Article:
One of the biggest challenges when accessing medical information online is the potential for the information to be inaccurate as the Internet contains a staggering amount of medical misinformation [13]. Health care professionals have expressed other concerns about content on the World Wide Web as well. Using a structured search experiment, researchers assessed the accessibility of health information on breast cancer, depression, obesity, and childhood asthma using 14 Internet search engines. Amazingly, less than 25% of the search engines' first pages of links connected the user with relevant, usable content [14]. Additionally, 100% of the English websites and 86% of the Spanish websites required at least a high school reading level [14]. Authors of studies such as these have argued that health-related content found online can often be hard to access and, if found, can be difficult to comprehend.


The last group of online health services reviewed by Eysenbach [1] is virtual support groups. Similar in nature to traditional, face-to-face support groups, online groups offer patients the opportunity to gain support from someone who has experienced their same illness or from someone who has been through similar treatment [15]. Such groups can be particularly beneficial to cancer patients who may be experiencing pain and/or additional side effects from their disease or treatment as they can participate in an online support group without having to physically travel, provided that they have access to the Internet at home. In addition to the convenience and comfort of participating in an online support group from home, patients have the ability to access social support online anytime day or night. Unlike traditional face-to-face support groups that are scheduled at a particular time in a specific location, patients can participate in online support groups at a time that best meets their needs. Furthermore, provided that they have readily available Internet access, they can participate in online groups instantly. Once again, this is especially beneficial to patients with cancer, whose illness may keep them awake during the night, because the ability to instantly connect with people who have had similar experiences may serve to alleviate some of the anxiety surrounding their illness [15]. Echoing the findings of positive health outcomes for breast cancer patients who access medical information on the Internet, researchers found that women with breast cancer who participated in an online support group also achieved positive health outcomes [16].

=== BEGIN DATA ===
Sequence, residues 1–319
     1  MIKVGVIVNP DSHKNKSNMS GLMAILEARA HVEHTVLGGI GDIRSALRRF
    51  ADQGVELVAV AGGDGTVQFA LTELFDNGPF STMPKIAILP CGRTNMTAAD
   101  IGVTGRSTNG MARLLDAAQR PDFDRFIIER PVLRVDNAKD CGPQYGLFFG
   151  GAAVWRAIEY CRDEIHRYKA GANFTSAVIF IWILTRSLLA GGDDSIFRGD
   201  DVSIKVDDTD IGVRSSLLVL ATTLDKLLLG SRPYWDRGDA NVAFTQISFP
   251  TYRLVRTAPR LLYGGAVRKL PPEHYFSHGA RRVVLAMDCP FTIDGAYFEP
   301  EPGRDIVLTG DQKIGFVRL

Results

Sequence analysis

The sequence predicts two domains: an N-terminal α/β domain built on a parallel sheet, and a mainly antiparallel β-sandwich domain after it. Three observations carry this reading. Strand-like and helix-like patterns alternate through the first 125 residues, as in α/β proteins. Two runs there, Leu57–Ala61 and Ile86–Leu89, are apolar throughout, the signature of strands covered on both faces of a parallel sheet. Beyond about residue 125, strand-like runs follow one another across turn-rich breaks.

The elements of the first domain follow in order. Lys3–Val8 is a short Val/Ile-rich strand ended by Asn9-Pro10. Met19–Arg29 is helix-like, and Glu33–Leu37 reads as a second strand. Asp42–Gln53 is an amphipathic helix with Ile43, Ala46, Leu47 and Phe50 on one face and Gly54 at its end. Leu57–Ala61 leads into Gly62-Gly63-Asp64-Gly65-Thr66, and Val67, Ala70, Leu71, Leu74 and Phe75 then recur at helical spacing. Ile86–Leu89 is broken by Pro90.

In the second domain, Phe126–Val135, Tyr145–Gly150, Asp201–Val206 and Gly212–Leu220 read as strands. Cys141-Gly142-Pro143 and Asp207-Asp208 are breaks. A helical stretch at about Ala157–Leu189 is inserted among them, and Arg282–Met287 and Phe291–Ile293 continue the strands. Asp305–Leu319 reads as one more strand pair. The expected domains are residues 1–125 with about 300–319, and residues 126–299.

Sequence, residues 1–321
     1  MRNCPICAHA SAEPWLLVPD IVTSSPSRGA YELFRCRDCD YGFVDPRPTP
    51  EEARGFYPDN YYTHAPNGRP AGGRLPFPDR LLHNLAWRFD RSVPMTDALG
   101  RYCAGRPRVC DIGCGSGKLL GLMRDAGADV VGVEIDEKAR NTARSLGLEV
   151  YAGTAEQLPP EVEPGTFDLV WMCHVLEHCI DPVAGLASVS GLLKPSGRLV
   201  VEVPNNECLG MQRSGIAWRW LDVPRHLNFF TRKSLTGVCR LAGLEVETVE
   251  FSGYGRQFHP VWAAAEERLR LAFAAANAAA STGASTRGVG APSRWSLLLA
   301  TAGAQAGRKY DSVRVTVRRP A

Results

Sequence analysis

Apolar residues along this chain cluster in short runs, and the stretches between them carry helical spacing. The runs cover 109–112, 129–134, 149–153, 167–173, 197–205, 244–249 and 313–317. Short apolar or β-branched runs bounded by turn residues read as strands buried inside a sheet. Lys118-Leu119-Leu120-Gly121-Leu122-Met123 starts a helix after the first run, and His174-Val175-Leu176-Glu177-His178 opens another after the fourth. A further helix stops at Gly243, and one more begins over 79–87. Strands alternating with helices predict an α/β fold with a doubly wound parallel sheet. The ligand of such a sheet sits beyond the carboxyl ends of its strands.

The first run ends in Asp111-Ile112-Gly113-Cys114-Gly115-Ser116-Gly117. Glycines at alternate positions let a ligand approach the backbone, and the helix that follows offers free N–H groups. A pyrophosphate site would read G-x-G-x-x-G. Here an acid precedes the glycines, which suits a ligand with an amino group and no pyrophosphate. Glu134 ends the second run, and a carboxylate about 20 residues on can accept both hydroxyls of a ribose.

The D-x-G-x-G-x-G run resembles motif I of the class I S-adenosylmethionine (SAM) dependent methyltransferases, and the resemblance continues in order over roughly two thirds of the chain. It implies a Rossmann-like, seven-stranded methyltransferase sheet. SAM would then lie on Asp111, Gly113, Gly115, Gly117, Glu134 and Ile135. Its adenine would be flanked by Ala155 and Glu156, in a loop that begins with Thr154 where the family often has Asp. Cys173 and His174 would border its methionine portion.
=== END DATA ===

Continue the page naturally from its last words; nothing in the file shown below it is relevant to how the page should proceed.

Researchers' knowledge about factors that facilitate or impede communication, such as access to, sources of, and trust of cancer-related information, is limited. In an attempt to improve such understanding, the NCI developed the Health Information National Trends Survey (HINTS), the first survey of its kind, to collect data on how Americans seek and use cancer information [17]. First administered in 2001, the survey will be conducted every two years to advance understanding and to bridge the gaps between the information patients want and need about cancer and the information they actually receive.

While the development of the NCI's HINTS instrument is an impressive step in facilitating awareness of the many ways in which individuals receive health information, perspectives on whether online health services have more positive or negative effects on patients remain varied. For example, researchers who conducted a study of Canadian oncologists and their patients determined that patients were three times more likely than oncologists to view Internet information as helpful to their ability to cope with their disease [18]. However, while a commonly held view on whether online health services are more helpful or hindering to patients does not exist, it is indisputable that accessing these services has some sort of impact on patients and their health outcomes.